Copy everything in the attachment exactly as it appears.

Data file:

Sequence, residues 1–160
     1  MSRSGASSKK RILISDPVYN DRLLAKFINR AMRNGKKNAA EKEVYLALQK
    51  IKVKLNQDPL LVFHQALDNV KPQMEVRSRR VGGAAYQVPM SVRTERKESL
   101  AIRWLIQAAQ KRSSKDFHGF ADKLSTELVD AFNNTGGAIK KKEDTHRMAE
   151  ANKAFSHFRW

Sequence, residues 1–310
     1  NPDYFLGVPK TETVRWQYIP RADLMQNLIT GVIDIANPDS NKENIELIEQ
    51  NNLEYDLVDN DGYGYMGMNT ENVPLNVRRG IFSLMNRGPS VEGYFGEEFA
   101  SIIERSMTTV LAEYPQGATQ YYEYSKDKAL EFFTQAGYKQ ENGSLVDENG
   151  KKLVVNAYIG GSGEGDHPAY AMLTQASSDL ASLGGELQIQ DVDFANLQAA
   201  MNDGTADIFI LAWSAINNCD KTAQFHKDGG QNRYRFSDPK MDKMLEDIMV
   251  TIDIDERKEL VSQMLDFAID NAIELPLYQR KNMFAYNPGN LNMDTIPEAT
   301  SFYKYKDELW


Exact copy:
Sequence, residues 1–160
     1  MSRSGASSKK RILISDPVYN DRLLAKFINR AMRNGKKNAA EKEVYLALQK
    51  IKVKLNQDPL LVFHQALDNV KPQMEVRSRR VGGAAYQVPM SVRTERKESL
   101  AIRWLIQAAQ KRSSKDFHGF ADKLSTELVD AFNNTGGAIK KKEDTHRMAE
   151  ANKAFSHFRW

Sequence, residues 1–310
     1  NPDYFLGVPK TETVRWQYIP RADLMQNLIT GVIDIANPDS NKENIELIEQ
    51  NNLEYDLVDN DGYGYMGMNT ENVPLNVRRG IFSLMNRGPS VEGYFGEEFA
   101  SIIERSMTTV LAEYPQGATQ YYEYSKDKAL EFFTQAGYKQ ENGSLVDENG
   151  KKLVVNAYIG GSGEGDHPAY AMLTQASSDL ASLGGELQIQ DVDFANLQAA
   201  MNDGTADIFI LAWSAINNCD KTAQFHKDGG QNRYRFSDPK MDKMLEDIMV
   251  TIDIDERKEL VSQMLDFAID NAIELPLYQR KNMFAYNPGN LNMDTIPEAT
   301  SFYKYKDELW